There is a trend in some states, including Idaho, to use some combination of assessment tools to arrive at a number (usually a dollar amount) which is supposed to reflect a measurement of the person’s “need” for services. If we assume that such needs can be adequately expressed by a number, it would make the difficult task of allocating an individual budget for services much simpler. In fact the dream of having an objective, quantifiable measurement of a person’s need would make everything so easy, straightforward, fair, and justifiable that it is irresistible. However, like so many beautiful dreams, the only thing standing in the way of having such a measurement is reality.
It is not hard to figure out what a person with a developmental disability needs. Any team of reasonable people who know a person well, with someone who has some professional expertise in that person’s particular disability, can usually reach a firm consensus on what the person needs. This method of person centered individual planning has been the standard for over thirty years. Indeed, no one really questions that this is the proper way to develop a plan for developmental disability related services. However, now Idaho and other states have decided that there is better way to limit services by creating a “budget” for the person based on assessment scores and a weighted formula. Then the state refuses to pay for services which exceed the budget even if the services are clearly considered “needed” by everyone who actually knows and works with the person. Why would the formula method be better? We are told it is based on a scientific measurement of the person’s “need”, and it eliminates distortions caused by conflicts of interest and perverse incentives in the system.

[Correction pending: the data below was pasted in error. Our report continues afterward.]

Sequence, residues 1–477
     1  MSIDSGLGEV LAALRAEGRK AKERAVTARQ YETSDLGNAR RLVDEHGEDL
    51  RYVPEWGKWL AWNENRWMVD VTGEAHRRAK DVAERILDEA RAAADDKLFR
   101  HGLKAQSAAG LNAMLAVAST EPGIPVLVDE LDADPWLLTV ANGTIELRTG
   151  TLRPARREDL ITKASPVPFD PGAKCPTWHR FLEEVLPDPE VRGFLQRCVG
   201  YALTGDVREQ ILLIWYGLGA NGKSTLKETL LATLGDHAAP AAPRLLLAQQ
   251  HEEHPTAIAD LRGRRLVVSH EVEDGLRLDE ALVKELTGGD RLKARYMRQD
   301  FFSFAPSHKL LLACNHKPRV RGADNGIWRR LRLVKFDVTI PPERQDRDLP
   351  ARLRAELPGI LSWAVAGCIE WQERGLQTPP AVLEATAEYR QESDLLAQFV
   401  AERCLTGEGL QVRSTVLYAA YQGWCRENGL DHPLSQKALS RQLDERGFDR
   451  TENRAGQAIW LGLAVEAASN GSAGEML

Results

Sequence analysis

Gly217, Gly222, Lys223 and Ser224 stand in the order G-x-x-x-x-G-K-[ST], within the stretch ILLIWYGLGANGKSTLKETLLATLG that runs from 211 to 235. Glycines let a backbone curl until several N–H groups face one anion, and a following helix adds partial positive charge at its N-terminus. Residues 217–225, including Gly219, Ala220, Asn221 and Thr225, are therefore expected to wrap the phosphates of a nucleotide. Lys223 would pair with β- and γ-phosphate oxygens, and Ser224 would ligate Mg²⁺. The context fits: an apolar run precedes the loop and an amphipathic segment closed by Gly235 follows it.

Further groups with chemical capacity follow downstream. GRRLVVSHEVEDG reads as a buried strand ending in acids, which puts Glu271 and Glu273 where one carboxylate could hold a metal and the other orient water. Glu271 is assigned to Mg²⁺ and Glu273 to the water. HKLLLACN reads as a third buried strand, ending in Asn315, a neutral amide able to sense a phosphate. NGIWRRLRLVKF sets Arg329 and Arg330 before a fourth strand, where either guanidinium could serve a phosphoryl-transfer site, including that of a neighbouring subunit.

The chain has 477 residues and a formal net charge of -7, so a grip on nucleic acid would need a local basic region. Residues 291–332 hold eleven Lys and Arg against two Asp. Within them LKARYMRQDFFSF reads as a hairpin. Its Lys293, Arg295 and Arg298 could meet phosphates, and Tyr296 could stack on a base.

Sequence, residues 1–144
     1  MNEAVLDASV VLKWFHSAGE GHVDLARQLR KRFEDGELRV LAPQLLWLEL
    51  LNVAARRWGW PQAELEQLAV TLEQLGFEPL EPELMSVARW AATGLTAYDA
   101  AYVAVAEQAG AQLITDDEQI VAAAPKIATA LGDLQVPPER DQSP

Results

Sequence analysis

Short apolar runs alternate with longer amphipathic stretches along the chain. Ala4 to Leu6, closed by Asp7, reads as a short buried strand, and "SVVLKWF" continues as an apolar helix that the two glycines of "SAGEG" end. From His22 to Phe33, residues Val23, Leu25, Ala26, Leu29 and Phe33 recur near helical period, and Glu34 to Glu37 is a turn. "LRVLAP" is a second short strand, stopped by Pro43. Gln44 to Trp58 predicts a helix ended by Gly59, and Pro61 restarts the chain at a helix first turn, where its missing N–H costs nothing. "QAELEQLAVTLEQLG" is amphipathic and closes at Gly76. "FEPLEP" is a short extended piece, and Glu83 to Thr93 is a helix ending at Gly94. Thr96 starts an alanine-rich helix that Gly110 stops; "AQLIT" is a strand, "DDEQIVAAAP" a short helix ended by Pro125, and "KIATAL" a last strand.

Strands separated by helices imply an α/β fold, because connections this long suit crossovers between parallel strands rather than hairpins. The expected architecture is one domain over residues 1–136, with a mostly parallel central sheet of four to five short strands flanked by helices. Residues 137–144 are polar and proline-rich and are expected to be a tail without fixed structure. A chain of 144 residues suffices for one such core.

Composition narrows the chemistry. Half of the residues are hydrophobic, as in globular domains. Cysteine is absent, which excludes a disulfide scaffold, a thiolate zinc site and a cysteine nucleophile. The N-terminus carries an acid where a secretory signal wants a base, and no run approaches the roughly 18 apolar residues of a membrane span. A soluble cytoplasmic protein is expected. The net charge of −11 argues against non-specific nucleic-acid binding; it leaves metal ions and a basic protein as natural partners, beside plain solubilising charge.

To examine this idea we must have a working definition of what we mean by “need”. Is it just enough support to keep the person out of an institution, jail, or a hospital? Is it whatever they used last year? Is it what other people with similar diagnosis and scores used last year on average? I suggest that none of these is even close to what most of us mean by “need” for developmental disability services. People with developmental disabilities, by clinical and legal definitions are people whose disability has caused them to fall behind their non-disabled peers in several major areas of life activities. The goal of all treatments and therapies is to improve the functional ability of the person, as much as possible, to the level experienced by their typical peers. Much of this improvement can be accomplished by adaptation and accommodation. If walking is not a reasonable goal, then independent mobility using a wheelchair may be the goal. If driving a car is not possible, then maybe learning how to use public transportation (when it is available) is a worthwhile goal. In any case the goal of developmental disability services is to develop independence in activities of daily living, and enable the person to be integrated into their community and included in the range of activities that everyone else enjoys. This usually requires some combination of skill development, adaptations and accommodations or supports. So I propose that the standard for what developmental services a person “needs” are those services which will have a meaningful positive impact on the person’s ability to achieve the highest level of independence , the highest level of integration into their communities, and the greatest opportunity to engage in typical activities. This includes services and supports which safeguard health and safety, preserve freedom from institutionalization, maximize independence and participation in typical community activities.
Is this asking too much? Consider whether a heart patient “needs” a procedure which will restore her to full physical vigor or if she only “needs” enough treatment to stay alive with severe limitations on her activities. We all consider that people “need” the treatment and therapy that brings them as close to a typical level of functioning as possible. Developmental disabilities should be treated no differently.